The rapidly expanding digital world has made our lives more interconnected than ever.
We can control our home thermostats from afar, transfer money between bank accounts, monitor our weight loss goals, view pictures of our friends' vacations, unlock our doors, store all our personal and family photos, and perform many of the duties of our jobs — all from a computer that fits in our pocket.
And every day seems to bring a new app, software upgrade or device that promises to make the current conveniences we enjoy seem quaint and old-fashioned. There are more connected devices in operation than there are people on the planet, and we're keeping more personal information than ever on those devices.
A recent CompTIA survey found that 28 percent of consumers have banking or financial information on their mobile devices, 24 percent have passwords saved in a file or app on their smartphones or computers, and 14 percent have health insurance or medical information on their devices. Additionally, 77 percent have contact and other personal information on family, friends and co-workers — a situation that makes everyone in a person's address book vulnerable to potential hacking.
Clearly, we all have more to do if we are to implement workable device security policies and measures that can protect our data and our virtual lives. Though malware targeting mobile technologies is still a relatively small segment of the overall cyberattacks worldwide, it has been on a startlingly fast upward trajectory in recent years. McAfee Labs found that mobile malware incidents jumped from less than 4 million in the first quarter of 2015 to more than 16 million at the same point in 2017.
It's not just individuals who are at risk. Twenty percent of businesses report having been breached via employee mobile devices, and 24 percent are not sure if they have been attacked via mobile devices, according to a survey by Dimension Research in April.
But bad actors don't need to physically possess a device to hack it — they exploit users through phishing attacks, rogue Wi-Fi networks, malicious apps, or hidden vulnerabilities in the operating systems of our devices.
Of course, device makers have substantially improved security features over the years. For example, in July Apple unveiled an update to its device operating system that helps protect iPhones and iPads from hackers who attempt to use Wi-Fi to penetrate devices. Policymakers have also begun to focus on this issue, with the Department of Homeland Security announcing last month $8.6 million in research and development grants to improve mobile device security throughout the government.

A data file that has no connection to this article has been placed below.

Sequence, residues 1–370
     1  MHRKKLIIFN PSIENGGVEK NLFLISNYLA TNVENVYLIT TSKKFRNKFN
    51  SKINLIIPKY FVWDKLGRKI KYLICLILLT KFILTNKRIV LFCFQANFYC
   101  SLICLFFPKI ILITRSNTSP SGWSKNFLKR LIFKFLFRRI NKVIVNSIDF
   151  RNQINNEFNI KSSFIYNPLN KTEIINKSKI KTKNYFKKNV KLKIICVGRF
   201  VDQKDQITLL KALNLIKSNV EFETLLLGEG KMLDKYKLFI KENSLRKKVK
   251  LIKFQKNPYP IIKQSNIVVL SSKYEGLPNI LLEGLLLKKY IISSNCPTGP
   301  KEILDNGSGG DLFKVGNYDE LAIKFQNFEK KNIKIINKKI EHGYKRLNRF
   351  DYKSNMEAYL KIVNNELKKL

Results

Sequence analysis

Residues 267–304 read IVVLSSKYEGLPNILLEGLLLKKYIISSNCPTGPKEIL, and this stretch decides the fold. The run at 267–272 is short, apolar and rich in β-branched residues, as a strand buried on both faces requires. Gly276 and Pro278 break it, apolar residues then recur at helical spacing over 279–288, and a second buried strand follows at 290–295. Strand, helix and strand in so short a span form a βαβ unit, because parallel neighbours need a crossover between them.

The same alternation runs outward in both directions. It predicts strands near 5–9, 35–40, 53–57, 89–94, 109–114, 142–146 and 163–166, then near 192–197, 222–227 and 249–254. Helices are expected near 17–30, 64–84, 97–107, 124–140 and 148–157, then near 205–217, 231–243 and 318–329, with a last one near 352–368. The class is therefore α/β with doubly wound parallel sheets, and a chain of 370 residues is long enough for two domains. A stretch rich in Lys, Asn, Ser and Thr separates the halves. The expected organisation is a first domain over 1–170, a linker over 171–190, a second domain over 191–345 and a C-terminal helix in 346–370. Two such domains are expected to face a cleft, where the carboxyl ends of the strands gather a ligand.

Still, we must endeavor to stay one step ahead of hackers to ensure that the trend of mobile device hacks does not become a threat to our livelihoods and our economy. Smart public policy should be guided by industry best practices, and it should emphasize investments in education for both cybersecurity workers as well as consumers.
With that in mind, there are three things we can do to make sure devices remain secure and sensitive data is protected:
First, policymakers should facilitate industry-led initiatives that promote device security, while resisting one-size-fits-all mandates that inhibit innovation or force device makers to divulge proprietary information that could be exploited by bad actors.
For example, the National Telecommunications and Information Administration has already begun an initiative that draws on government and private sector input for how to improve security for “Internet of Things,” or IoT, devices. And the Federal Trade Commission has issued guidance that has heralded the crucial notion of “secure by design.” Both those initiatives are driven by industry expertise and best practices, and they should serve as a model for initiatives that are the most likely to bring greater security, without sacrificing innovation.
Second, government and industry should double down on efforts to sponsor education and training programs to recruit cybersecurity workers. A modernized, well-trained workforce will be the key to addressing the challenges that emerge when rapid technology innovation and malicious actors coexist.
Finally, individuals should take advantage of the opportunities that exist to learn good cyber hygiene practices as well as being aware of the ways their personal information can be targeted and how their actions could impact themselves, their loved ones, and their employers. Simple things like limiting what you do on public WiFi, keeping your mobile software and apps up to date, and deleting unused apps can go a long way to creating device security, per the National Cyber Security Alliance.
This is a challenge we should all be invested in tackling. It is only through vigilance, prevention and preparation that we will preserve and protect the innovations that have made our lives easier to lead.